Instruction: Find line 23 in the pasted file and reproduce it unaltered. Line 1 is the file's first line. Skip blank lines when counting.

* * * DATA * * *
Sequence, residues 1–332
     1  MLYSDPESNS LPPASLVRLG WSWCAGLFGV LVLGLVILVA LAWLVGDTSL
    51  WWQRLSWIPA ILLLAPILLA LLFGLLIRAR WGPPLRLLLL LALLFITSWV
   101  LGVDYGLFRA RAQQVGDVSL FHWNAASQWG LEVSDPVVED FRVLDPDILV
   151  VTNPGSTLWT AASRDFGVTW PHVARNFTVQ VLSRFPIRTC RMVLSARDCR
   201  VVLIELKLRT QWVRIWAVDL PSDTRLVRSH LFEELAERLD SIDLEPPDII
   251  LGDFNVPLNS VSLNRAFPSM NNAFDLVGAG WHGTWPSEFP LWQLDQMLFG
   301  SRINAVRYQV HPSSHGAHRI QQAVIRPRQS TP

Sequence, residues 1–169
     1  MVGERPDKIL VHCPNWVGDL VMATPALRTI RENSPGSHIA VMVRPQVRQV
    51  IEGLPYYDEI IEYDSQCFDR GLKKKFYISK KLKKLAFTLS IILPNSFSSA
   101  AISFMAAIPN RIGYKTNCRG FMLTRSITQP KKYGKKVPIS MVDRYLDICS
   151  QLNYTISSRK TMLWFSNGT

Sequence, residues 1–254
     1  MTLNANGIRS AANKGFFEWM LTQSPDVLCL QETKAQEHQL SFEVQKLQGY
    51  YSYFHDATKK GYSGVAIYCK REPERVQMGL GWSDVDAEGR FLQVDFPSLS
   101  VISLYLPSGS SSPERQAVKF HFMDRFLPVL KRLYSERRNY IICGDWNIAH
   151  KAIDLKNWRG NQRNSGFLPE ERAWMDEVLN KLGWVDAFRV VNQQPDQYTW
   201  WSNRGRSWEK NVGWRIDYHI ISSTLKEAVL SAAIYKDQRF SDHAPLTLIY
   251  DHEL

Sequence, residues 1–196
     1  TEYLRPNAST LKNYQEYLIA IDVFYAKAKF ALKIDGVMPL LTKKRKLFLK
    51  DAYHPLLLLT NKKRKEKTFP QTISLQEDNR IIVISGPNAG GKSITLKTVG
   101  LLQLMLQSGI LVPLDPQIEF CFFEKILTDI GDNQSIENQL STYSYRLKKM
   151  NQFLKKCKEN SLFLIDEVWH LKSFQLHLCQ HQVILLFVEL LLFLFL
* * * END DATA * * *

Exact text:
    51  DAYHPLLLLT NKKRKEKTFP QTISLQEDNR IIVISGPNAG GKSITLKTVG